As I stated in my last entry, I’m reading Alexandre Dumas Jr.s’ La Dame aux Camélias, since I saw and recapped this book in its opera form, La Traviata, on my honeymoon.
This is also, if you remember, the book that was shocking in its day for referencing menstrual periods explicitly. Actually, in the book they don’t reference it that explicitly. Or they do, but the main character is too much of a dunce to understand. The main character says, “For twenty-five days in every month the camellias [the courtesan wore] were white, and for five they were red. No one ever knew the reason for this variation in colour which I mention but cannot explain” (9).
I understand that he probably couldn’t or didn’t want to go into explicit detail, but surely it’s enough to mention it and move on, without faking total ignorance. “WHAT IS THIS STRANGE SYMBOLISM, I’M SURE I DON’T COMPREHEND IT, LA LA LA, TOO PURE TO UNDERSTAND.” Especially because later on, when they become lovers, she tells him he can’t stay the night, and he goes, “Why?” and she hands him a red camelia and says to come back tomorrow, when she will be able to see him. You understand it, sir. Don’t lie. You understand it.
Anyway, what I really want to talk about is an interesting footnote in the book. As you may or may not know, this story is actually based on Alexandre Dumas Jr.’s real-life romance with a high class courtesan named Marie Duplessis, who died at 23 and was then immortalized as Dumas’ character, the ill-fated courtesan-redeemed-by-love, Marguerite Gautier.
Marie Duplessis, evidently not on her period.
Anyway, as with any courtesan worth her salt, Marie Duplessis had a number of high profile lovers who paid her bills and took care of her. Alexandre Dumas Jr. was only a minor lover amongst many others; he never could have footed her extravagent lifestyle on his relatively meagre income.
In the book, Marguerite Gautier was taken care of by an elderly Duke, who paid for all of her bills on the condition that she give up her life as a courtesan. She, of course, agrees to this and deceives him repeatedly. Dumas writes:
“[S]he was said to be living with just one man, an elderly foreign duke who was fabulously wealthy and had attempted to detach her as far as possible from her old life. This she seems to have been happy enough to go along with.
“Here is what I have been told of the matter.
“In the spring of 1842, Marguerite was so weak, so altered in her looks, that the doctors had ordered her to take the waters. She accordingly set out for Bagneres.
“Among the other sufferers there, was the Duke’s daughter who not only had the same complaint but a face so like Marguerite’s that they could have been take nfor sisters. The fact was that the young Duchess was in the tertiary stage of consumption and, only days after Marguerite’s arrival, she succumbed.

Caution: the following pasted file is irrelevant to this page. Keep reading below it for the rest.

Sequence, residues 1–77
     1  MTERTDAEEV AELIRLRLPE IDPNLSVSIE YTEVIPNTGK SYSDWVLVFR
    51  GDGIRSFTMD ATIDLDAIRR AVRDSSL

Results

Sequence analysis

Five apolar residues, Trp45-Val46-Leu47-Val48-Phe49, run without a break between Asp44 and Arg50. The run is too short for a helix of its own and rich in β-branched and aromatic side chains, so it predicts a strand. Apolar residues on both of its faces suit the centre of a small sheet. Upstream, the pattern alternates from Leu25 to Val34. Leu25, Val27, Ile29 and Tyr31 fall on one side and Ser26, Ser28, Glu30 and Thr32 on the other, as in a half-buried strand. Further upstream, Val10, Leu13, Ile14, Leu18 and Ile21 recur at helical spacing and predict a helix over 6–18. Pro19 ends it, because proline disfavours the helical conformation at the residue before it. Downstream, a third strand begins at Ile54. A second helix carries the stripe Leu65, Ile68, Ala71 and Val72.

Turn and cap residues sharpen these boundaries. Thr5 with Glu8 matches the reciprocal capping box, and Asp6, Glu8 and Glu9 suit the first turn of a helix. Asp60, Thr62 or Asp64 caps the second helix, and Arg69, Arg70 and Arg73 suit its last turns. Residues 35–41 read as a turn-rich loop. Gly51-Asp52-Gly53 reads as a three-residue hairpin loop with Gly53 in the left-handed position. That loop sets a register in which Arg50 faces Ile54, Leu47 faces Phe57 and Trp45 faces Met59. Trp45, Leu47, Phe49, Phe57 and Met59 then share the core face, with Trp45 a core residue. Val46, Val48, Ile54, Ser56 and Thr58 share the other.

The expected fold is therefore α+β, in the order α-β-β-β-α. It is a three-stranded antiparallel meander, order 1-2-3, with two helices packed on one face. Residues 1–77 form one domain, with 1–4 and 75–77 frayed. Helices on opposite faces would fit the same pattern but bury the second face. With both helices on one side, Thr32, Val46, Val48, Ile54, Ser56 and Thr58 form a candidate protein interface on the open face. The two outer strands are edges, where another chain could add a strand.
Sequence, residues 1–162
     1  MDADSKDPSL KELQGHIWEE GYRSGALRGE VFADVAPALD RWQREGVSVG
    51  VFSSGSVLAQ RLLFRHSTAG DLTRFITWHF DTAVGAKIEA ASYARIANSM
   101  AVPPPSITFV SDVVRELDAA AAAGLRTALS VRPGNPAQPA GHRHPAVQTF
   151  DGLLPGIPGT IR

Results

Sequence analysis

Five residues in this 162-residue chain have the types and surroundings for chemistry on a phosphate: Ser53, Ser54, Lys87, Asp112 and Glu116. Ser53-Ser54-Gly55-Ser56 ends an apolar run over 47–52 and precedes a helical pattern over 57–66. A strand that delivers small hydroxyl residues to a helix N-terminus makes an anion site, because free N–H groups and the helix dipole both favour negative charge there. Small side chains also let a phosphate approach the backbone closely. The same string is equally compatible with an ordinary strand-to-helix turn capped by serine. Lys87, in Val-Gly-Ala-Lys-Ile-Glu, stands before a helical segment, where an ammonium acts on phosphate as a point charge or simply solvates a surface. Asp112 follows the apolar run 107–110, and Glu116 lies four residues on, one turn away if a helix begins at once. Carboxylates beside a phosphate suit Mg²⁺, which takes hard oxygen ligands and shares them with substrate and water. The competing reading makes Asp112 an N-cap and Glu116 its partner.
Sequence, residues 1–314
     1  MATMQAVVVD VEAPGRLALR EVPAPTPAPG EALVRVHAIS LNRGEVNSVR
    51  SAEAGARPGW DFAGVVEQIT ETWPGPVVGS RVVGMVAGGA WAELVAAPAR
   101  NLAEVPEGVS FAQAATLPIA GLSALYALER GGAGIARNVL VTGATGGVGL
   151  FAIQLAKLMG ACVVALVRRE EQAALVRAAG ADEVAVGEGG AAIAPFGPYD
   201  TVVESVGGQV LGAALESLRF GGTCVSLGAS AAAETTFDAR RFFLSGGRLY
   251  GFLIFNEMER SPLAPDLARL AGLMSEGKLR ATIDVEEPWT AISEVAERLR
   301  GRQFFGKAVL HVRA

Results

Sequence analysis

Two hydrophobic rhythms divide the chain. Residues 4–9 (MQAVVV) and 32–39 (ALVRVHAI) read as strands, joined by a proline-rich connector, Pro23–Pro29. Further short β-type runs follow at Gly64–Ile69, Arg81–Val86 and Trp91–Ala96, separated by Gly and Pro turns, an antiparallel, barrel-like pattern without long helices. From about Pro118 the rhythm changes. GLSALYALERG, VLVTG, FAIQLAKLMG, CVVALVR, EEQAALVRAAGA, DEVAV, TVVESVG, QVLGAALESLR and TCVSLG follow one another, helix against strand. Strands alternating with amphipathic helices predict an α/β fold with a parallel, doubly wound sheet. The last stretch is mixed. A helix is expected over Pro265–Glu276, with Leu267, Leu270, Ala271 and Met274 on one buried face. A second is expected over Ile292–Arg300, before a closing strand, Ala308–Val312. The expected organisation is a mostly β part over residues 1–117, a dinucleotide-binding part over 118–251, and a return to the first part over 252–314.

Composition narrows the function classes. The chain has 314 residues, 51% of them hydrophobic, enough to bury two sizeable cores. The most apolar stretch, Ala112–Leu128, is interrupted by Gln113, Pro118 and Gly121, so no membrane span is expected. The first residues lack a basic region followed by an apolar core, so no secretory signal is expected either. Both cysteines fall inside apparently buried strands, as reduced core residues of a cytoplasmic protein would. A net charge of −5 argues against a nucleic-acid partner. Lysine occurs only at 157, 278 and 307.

“One morning the Duke, who had remained at Bagneres just as people will remain on ground where a piece of their heart lies buried, caught sight of Marguerite as she turned a corner of a gravel walk.
“It seemed as though he was seeing the spirit of his dead child and, going up to her, he took both her hands, embraced her tearfully and, without asking who she was, begged leave to call on her and to love in her person the living image of his dead daughter.
“Marguerite, alone at Bagneres with her maid, and in any case having nothing to lose by compromising herself, granted the Duke what he asked.
“Now there were a number of people at Bagneres who knew her, and they made a point of calling on the Duke to inform him of Mademoiselle Gautier’s true situation. It was a terrible blow for the old man, for any resemblance with his daughter stopped there. But it was too late. The young woman had become an emotional necessity, his only pretext and his sole reason for living.
“He did not reproach her, he had no right to, but he did ask her if she felt that she could change her way of life, and, in exchange for this sacrifice, offered all the compensations she could want. She agreed.” (9-10).
Of course, in the book she continues to see other men to help pay off her enormous debts and hides it pretty well from the Duke, until she gives up everything and throws caution to the wind by moving in with the main character, Armand.
However, the fun thing is that the character of the Duke is based on a real man. According to the accompanying footnote, “the ‘Duke’ was real enough. The Comte Stackelberg, a former Russian ambassador to Vienna, was eighty when he met Marie in 1844 [she would have been 20 at the time]. It was widely believed that his attraction to her was her uncanny resemblance to this dead daughter. Dumas later asserted that Stackelberg had spread this story himself, to protect his reputation, and that his interest in her was sexual.”
The Comte Stackelberg, trying to Eddie Murphy his way out of an awkward sexual situation.
Nope. I’ve looked at many creepy romances on this blog before, but a 60 year age difference, plus a weird sexual connection to someone who looks just like your dead daughter, is far too much for me to handle.
Do not want.
Shut it down.